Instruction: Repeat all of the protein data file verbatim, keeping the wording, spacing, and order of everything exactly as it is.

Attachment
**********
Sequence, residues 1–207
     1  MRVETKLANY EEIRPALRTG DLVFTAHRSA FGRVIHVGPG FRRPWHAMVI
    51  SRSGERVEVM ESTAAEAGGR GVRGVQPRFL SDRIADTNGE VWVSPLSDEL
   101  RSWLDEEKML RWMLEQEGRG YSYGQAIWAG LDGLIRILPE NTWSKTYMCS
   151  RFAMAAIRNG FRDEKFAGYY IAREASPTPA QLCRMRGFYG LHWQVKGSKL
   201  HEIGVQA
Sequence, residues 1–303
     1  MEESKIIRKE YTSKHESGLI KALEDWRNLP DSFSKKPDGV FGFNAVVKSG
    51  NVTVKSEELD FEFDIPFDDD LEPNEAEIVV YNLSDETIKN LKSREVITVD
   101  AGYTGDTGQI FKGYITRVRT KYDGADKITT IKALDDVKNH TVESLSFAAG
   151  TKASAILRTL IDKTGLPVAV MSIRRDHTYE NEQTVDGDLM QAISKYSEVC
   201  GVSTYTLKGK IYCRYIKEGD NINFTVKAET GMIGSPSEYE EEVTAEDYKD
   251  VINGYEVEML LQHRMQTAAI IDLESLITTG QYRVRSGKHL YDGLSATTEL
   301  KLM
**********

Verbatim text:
Sequence, residues 1–207
     1  MRVETKLANY EEIRPALRTG DLVFTAHRSA FGRVIHVGPG FRRPWHAMVI
    51  SRSGERVEVM ESTAAEAGGR GVRGVQPRFL SDRIADTNGE VWVSPLSDEL
   101  RSWLDEEKML RWMLEQEGRG YSYGQAIWAG LDGLIRILPE NTWSKTYMCS
   151  RFAMAAIRNG FRDEKFAGYY IAREASPTPA QLCRMRGFYG LHWQVKGSKL
   201  HEIGVQA
Sequence, residues 1–303
     1  MEESKIIRKE YTSKHESGLI KALEDWRNLP DSFSKKPDGV FGFNAVVKSG
    51  NVTVKSEELD FEFDIPFDDD LEPNEAEIVV YNLSDETIKN LKSREVITVD
   101  AGYTGDTGQI FKGYITRVRT KYDGADKITT IKALDDVKNH TVESLSFAAG
   151  TKASAILRTL IDKTGLPVAV MSIRRDHTYE NEQTVDGDLM QAISKYSEVC
   201  GVSTYTLKGK IYCRYIKEGD NINFTVKAET GMIGSPSEYE EEVTAEDYKD
   251  VINGYEVEML LQHRMQTAAI IDLESLITTG QYRVRSGKHL YDGLSATTEL
   301  KLM